About me

I have been writing poetry and stories since I was a child, and a love of reading was instilled in me from an early age. I am passionate about writing, and hope you enjoy the books I have written. Whilst most of you sleep soundly in your beds, like many Parkinson’s patients, insomnia dictates, so during those hours that sleep eludes me, the house is tranquil and quiet, an atmosphere perfect to immerse myself in writing. My life has been a series of strange events, which have without doubt contributed to my creativity. To publish anything is to bear one’s soul to the world. It is to stand naked and let everyone see who you really are. I have poured my heart and soul out on paper and I hope to share this journey, immersing you in a story, capturing your attention and firing the imagination. Through my writing and public speaking I hope to bring greater awareness to the general public about living with chronic disease.

Sunday, December 16, 2012

Disappearing food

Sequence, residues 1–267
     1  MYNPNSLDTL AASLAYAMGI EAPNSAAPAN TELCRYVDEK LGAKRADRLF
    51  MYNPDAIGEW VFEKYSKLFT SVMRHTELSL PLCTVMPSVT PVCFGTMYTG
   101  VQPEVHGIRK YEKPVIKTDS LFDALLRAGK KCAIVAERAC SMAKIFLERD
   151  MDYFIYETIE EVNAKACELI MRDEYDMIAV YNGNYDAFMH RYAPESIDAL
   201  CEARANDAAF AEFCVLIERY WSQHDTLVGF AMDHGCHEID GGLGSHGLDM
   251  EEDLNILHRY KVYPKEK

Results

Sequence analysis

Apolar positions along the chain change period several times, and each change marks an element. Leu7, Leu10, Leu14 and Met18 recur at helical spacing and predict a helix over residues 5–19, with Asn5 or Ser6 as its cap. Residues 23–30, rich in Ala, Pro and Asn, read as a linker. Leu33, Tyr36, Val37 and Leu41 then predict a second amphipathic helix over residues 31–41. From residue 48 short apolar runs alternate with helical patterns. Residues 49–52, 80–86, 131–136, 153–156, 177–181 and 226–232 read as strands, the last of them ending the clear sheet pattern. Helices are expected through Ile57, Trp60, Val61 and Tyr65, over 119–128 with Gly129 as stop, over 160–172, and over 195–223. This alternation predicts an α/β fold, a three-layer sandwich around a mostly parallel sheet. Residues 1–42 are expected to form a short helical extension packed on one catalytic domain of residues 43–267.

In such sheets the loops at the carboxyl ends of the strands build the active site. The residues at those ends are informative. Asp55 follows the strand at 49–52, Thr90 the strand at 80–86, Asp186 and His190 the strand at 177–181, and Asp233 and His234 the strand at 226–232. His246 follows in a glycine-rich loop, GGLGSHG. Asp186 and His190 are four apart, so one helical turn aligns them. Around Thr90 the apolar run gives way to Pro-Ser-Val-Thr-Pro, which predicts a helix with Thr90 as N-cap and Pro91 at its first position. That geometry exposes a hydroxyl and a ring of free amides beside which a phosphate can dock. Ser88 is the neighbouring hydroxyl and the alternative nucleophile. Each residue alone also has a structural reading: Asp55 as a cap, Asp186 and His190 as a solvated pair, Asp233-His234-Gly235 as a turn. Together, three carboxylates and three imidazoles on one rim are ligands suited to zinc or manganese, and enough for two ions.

Many years ago, I was hospitalized for a bone crises (Gaucher chronic bone pain usually lasting several days). The hospital was full to capacity, so placed in the internal ward, my bed was parked in the busy corridor. The trolley serving breakfast nosily clattered as it was pushed from room to room, and finally it  arrived at me, stuck in the corridor. My breakfast tray was placed on the stand, and the lady hurried off to complete her duties. I re-arranged my pillow and making myself comfortable turned back to my breakfast try. The stand stood bare - no breakfast in sight - it had vanished into thin air. I hastily looked around me but no sign of it. After some time I managed to get the attention of a passing nurse, and told her I had not had breakfast. She immediately went off in search of the lady with the trolley, and the two of them returned to my bedside. The catering lady looking at me suspiciously, was insistent that she had served me breakfast and showed the nurse a list with everyone's name on it who were to receive food. The nurse eyeing me closely implied politely that maybe I had forgotten eating my breakfast and that another member of staff had removed the empty tray. I had no defence and not wanting to make a fuss, I let it go. My husband arrived, and I told him the story of my mysterious disappearing breakfast, so he bought me a sandwich and coffee from the cafeteria. Some hours later, still in the corridor, wishing very much to be sent home; lunch time arrived. The catering lady warily approached me with hesitation, saying in a loud voice as if to stress the point, "here is your lunch". She placed the tray on the stand, and once again I sat up and got myself comfortable to eat lunch. A minute had barely passed before I turned around and found the tray had vanished once again! I couldn't believe my eyes, and scanning quickly all the people around me, alas no lunch in sight. The catering lady passed by my bed, and I stared at her but did not utter a word, for fear of ending up in the psychiatric ward. I went without lunch, but thankfully late afternoon, they had found space in one of the rooms, so finally I left the chaos and noise of the corridor. Supper time arrived, and a different lady now on duty cheerfully placed my food on the stand. However this time I was ready, and sitting up, pillow positioned, I clung to the tray with both hands. As I let go to pick up my knife and fork, a pair of arms deftly moved in from my side and grasped the tray. I quickly dropped my cutlery and grabbed hold of the tray and looked up into the face of the culprit who had been taking my food all day. Seeing he had been caught red handed this time, and that it was fruitless to stay a moment longer in my room, he quickly left. So mystery solved; I finished my supper, and later found out that this old man was in fact not a patient, but camping out at his wife's bedside in the next room. He had no money for food, so was using great initiative, taking my food in the hope I would be given a second meal. I didn't tell any of the staff, for obviously this man had found himself in difficult and unfortunate circumstances, and I wasn't about to make things even worse for him. After a day or two, I was released from hospital, and upon leaving, just as lunch was being served, knowing I would be able to eat something at home; I took my tray into the next room and placed it on the man's lap. I didn't look at him, but could feel his eyes upon me. Without a word, I simply turned about and left.

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